Vulnerabilities Within the NFT Industry
What's important to remember is that the NFT industry hasn't been around long but is now mammoth in size and value. This is why many cybercriminals have chosen to target this market to exploit unsuspecting victims and their precious NFTs.
There are two critical pieces of information that a cybercriminal will try to access in order to steal your NFTs: your private key and seed phrase. Your NFT cannot be moved anywhere without using a private key, as this allows you to verify that it is you making the transaction. On top of this, a seed phrase can give access to your NFT wallet. A scammer can get their hands on your NFTs in minutes with this information.
Scammers often use phishing tactics to access your private keys and seed phrases. This usually involves phony emails and websites designed to steal your data. For instance, a scammer could impersonate your NFT marketplace account and request that you log into your account via the provided link to sort out an issue or view a recent sales development. This gives a hacker direct access to your marketplace account.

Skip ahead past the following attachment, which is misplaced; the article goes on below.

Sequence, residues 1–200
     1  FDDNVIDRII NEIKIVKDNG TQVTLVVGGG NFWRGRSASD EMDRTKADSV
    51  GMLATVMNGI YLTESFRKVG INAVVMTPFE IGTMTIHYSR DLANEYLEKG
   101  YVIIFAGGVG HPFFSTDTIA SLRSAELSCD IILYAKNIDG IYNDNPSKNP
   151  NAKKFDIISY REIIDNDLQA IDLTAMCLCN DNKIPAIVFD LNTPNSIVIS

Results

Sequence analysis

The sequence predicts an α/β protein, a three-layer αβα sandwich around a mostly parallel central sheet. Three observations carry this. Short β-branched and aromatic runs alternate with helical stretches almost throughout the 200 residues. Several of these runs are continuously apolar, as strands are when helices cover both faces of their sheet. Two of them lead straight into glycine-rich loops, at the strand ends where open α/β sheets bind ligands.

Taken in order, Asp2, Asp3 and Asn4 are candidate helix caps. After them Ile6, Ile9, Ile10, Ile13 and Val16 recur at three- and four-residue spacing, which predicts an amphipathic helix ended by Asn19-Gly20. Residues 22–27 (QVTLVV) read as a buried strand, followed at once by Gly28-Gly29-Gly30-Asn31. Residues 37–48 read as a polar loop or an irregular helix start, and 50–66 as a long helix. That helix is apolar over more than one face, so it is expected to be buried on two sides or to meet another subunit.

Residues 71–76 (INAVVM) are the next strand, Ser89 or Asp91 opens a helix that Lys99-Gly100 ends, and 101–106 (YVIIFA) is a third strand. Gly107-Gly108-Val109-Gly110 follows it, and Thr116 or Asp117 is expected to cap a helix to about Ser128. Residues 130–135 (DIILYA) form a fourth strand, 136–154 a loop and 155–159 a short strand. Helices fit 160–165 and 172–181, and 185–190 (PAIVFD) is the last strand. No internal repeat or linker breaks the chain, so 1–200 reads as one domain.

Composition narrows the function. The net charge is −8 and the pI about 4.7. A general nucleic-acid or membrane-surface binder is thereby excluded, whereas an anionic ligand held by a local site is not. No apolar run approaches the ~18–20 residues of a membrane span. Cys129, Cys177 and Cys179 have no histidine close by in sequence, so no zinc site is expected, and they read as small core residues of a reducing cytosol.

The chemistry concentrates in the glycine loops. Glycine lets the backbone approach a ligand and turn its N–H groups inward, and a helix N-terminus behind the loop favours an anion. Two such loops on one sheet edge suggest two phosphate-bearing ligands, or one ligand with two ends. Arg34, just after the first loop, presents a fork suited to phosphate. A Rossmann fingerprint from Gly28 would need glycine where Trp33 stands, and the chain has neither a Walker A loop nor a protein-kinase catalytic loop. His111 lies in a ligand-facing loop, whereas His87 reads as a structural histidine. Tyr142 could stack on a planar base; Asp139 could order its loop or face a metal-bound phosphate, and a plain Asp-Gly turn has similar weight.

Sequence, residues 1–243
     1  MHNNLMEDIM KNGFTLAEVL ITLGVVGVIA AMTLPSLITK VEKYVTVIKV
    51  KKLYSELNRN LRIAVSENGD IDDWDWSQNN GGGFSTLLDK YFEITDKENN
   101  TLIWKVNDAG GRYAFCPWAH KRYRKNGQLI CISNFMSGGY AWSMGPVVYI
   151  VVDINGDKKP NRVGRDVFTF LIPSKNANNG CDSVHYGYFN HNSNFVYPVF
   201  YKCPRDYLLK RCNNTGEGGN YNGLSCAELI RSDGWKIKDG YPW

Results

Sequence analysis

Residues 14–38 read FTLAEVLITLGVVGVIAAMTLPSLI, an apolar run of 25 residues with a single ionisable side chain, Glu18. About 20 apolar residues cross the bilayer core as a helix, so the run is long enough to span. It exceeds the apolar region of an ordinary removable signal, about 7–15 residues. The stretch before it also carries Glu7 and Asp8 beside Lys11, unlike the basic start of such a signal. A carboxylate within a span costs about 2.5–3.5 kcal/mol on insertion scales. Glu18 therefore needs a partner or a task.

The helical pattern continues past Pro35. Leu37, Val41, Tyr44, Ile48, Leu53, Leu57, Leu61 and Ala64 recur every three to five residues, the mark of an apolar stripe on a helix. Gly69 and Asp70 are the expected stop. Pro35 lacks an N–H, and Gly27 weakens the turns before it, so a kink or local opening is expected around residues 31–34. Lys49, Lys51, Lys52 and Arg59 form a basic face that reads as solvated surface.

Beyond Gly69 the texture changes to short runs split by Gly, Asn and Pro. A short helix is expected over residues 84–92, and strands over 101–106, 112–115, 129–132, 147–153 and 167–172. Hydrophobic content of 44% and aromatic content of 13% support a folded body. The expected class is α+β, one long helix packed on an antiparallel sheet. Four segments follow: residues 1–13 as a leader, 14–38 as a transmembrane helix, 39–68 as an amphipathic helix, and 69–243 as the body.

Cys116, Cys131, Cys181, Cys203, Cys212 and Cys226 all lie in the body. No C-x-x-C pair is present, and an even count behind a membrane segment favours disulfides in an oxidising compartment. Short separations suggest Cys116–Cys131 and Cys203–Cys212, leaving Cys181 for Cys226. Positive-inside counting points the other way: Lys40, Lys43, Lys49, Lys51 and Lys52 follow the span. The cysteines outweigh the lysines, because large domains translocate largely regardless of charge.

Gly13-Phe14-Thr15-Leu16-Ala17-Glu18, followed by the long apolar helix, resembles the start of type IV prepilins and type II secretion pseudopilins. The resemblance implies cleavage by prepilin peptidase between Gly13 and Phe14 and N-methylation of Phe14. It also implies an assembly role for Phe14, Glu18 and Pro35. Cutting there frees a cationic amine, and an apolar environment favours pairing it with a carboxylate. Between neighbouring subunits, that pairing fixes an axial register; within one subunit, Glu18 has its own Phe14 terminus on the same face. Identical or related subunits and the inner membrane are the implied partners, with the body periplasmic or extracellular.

Alternatively, a criminal could impersonate an NFT artist and state that you've won some kind of giveaway. These scams are pretty commonplace on Discord, Twitter, and Instagram, so be vigilant if you receive any DMs or see a post providing a link to a giveaway.
These posts or DMs will usually have a link where you'll be asked to enter your private key or seed phrase to claim your prize. Remember that you never need to divulge this information to have an NFT sent to you; only your public wallet address is required for this.
We have a more in-depth piece on phishing in the NFT industry if you want to read more on the topic, but the key takeaway here is that you should always be cautious when you receive any kind of email that provides you with a link.
Keeping Your NFTs Safe
There are several things you can do to decrease the chances of NFT theft, the first being using two-factor authentication for your accounts. For example, if you have an OpenSea account, make sure you use two-factor authentication so that a hacker cannot directly access your account without verification from another source, such as email or text.